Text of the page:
Remember, all of these comments were made before Trump took office January 20, 2017. Without having ever stepped foot in the White House, Trump was blamed for things he had nothing directly to do with. The question is why?
To be clear, I am sympathetic with those threatened by Trump. They have every reason to be fearful. My concern, however, is that this focus on Trump too easily distracts people from the bigger picture, in this case that all of these systemic and structural problems pre-date Trump. While his leadership may indeed pose a threat, the heritage-industrial complex was already in existential crisis (see also here and here) long before his election.
In this way, the heritage industry’s response to the election of Donald Trump in November 2016 is a clear-cut case of scapegoating. As shown in Figure 1, a scapegoat is a person made to bear the blame for the mistakes, faults or shortcoming of others, especially for reasons of expediency—that is, for reasons of convenience or practicality. Not only does the scapegoat take on the sins of others, they suffer in place of those responsible, leaving the guilty parties to continue on as usual.
Pinning all of archaeology’s problems on Trump is an easy way to absolve the discipline of its anxieties—a process related to Tom King’s “whitewashing.” But it is clear that cultural resource management has been toxic for some time, arguably always.
This toxicity is exposed in the way industry insiders have responded to Trump’s election, views starkly different than the idealistic visions of Markert and Norton above. Marion Werkheiser, Attorney for the American firm Cultural Heritage Partners, Inc., stated, for example:
In what could be a boon for CRM firms, President-elect Trump and Congress have expressed interest in passing a major infrastructure bill that would fund upgrades to roads, airports, hospitals, and ports. The new administration has also promised to open up public lands for oil and gas development, mining, and other activities. Development on public lands is subject to Section 106 review.
In this context, more Section 106 reviews mean more money coming into the industry.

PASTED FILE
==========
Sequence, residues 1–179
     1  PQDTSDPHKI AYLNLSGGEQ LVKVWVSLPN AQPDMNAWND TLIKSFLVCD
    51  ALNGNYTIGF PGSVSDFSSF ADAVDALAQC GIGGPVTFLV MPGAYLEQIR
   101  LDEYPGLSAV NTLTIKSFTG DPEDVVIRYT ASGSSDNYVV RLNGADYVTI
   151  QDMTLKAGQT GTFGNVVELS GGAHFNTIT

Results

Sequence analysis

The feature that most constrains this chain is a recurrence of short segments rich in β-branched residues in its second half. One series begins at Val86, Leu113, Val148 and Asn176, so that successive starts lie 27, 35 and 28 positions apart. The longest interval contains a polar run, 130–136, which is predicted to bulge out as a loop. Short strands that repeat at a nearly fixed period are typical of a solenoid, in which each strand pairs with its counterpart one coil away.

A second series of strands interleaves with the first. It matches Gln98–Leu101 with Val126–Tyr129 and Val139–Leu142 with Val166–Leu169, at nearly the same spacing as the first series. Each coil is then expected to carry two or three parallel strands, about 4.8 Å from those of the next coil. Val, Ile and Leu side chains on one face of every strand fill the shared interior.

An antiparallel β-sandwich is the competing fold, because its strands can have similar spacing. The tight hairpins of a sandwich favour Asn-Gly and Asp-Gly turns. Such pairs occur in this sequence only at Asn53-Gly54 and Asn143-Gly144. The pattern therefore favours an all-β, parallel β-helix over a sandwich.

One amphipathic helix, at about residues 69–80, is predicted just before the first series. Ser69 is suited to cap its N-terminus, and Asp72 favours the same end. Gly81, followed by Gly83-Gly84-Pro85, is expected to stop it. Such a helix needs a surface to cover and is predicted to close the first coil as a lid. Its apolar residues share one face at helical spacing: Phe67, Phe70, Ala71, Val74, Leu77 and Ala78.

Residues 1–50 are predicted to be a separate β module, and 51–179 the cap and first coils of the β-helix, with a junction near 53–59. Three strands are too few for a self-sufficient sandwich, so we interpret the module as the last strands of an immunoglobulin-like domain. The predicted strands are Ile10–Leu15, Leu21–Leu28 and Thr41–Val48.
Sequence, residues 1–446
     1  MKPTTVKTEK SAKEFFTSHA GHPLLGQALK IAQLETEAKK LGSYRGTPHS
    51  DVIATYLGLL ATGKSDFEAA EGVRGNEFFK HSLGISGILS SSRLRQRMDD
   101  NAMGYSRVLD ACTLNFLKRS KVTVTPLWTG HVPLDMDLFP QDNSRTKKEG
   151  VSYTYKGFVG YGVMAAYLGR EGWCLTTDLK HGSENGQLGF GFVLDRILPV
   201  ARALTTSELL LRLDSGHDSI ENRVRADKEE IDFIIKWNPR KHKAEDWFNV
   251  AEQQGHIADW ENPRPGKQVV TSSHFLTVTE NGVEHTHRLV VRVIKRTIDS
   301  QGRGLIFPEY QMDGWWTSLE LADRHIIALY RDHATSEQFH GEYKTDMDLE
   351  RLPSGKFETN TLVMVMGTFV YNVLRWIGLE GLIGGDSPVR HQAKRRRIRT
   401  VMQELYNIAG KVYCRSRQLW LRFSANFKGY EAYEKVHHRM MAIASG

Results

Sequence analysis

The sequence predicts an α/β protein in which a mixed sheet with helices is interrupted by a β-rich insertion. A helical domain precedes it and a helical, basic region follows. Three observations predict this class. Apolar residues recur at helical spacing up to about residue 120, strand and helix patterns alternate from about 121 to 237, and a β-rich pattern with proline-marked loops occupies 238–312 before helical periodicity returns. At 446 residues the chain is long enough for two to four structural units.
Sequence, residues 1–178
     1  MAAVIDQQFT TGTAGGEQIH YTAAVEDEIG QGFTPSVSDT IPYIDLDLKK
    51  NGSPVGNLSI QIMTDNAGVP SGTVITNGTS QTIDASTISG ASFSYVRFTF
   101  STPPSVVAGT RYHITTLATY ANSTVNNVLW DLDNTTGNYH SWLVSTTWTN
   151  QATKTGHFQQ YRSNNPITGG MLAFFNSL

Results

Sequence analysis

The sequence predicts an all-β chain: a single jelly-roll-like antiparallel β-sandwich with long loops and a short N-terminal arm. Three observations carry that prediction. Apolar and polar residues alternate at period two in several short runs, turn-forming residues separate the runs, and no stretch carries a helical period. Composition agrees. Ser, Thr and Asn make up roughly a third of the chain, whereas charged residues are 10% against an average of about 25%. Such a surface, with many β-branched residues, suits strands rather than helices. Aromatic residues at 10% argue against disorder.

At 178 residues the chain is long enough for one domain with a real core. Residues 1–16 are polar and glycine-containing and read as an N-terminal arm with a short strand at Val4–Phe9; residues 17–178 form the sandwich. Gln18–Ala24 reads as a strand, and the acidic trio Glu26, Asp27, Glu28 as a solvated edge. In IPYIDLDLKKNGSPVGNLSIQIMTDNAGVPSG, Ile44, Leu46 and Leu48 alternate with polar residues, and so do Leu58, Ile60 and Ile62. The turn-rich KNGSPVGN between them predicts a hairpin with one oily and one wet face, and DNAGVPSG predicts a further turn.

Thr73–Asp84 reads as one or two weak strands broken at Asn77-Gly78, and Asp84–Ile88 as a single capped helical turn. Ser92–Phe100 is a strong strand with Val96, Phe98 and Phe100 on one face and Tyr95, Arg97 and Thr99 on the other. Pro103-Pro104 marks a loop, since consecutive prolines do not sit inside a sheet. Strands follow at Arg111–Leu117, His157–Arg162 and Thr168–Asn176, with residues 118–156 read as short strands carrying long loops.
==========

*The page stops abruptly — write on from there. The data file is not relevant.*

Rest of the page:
J. W. Joseph of the Society for Historical Archaeology noted that while “Trump speaks against environmental regulation,”
many of the initiatives he will challenge and overturn are Executive Orders from President Obama that will not affect us. [Trump] calls for streamlining environmental review; I support that call, and the CRM industry has made great strides in the past decade. This is an area where we can all apply our acumen; I have no qualms with doing our work better and faster.
He added, “I am an eternal optimist, which is, I think, a characteristic of the American spirit. We are a nation of expansion and opportunity.”
Joseph’s words should be music to the ears of the commercial core of the American heritage industrial-complex, which includes approximately 1,300 CRM firms employing more than 10,000 professionals generating at least $1 billion dollars in revenue annually.
In this light, Trump’s presidency may well mean big business for archaeologists. As Marion Werkheiser summarized: “the Republican Party platform explains, ‘We will…modernize the permitting process under the National Environmental Policy Act so it can no longer invite frivolous lawsuits, thwart sorely needed projects, kill jobs, and strangle growth.’”
Yet more archaeology means more development and more destruction of places that matter. Hence, the hypocrisy of American archaeology: while trained to promote preservation of history in all its forms, archaeologists are likewise responsible for its loss on an every-day basis. Indeed, archaeology/CRM’s existence is dependent on the very development that leads to site destruction. While academic archaeologists may like to believe they are not integral to this project and the crises it produces, they are profoundly mistaken (see also here).
Alarmed by the potential for heritage disasters under Trump, Tom King sought a different model with his “Heritage After Trump” Award. King offered “(US$1,000) to the person, consortium, group, organization, gang, or crowd that produces the best written description of the cultural heritage program the United States should put in place once the Trump phenomenon has run its course.”
Joseph was less concerned about the impact of Trump’s victory: “[W]e know that the U.S. is a hub of a global world, that the global world and economy was set in motion by European exploration of the 15th century, and that it cannot be undone by one man in four years.”